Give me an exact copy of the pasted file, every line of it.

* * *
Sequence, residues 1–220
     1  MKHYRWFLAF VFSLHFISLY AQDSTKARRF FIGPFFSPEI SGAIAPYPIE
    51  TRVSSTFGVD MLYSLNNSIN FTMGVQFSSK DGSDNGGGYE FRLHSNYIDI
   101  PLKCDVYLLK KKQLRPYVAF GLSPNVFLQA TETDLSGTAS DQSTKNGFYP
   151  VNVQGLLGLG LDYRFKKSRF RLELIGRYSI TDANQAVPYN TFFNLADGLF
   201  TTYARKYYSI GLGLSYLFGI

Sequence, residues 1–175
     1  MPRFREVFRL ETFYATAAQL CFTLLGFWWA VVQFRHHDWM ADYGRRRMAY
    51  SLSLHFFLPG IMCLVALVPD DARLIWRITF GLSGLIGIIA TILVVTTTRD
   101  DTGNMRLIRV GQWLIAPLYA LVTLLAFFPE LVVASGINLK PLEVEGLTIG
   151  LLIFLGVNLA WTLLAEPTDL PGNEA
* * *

Sequence, residues 1–220
     1  MKHYRWFLAF VFSLHFISLY AQDSTKARRF FIGPFFSPEI SGAIAPYPIE
    51  TRVSSTFGVD MLYSLNNSIN FTMGVQFSSK DGSDNGGGYE FRLHSNYIDI
   101  PLKCDVYLLK KKQLRPYVAF GLSPNVFLQA TETDLSGTAS DQSTKNGFYP
   151  VNVQGLLGLG LDYRFKKSRF RLELIGRYSI TDANQAVPYN TFFNLADGLF
   201  TTYARKYYSI GLGLSYLFGI

Sequence, residues 1–175
     1  MPRFREVFRL ETFYATAAQL CFTLLGFWWA VVQFRHHDWM ADYGRRRMAY
    51  SLSLHFFLPG IMCLVALVPD DARLIWRITF GLSGLIGIIA TILVVTTTRD
   101  DTGNMRLIRV GQWLIAPLYA LVTLLAFFPE LVVASGINLK PLEVEGLTIG
   151  LLIFLGVNLA WTLLAEPTDL PGNEA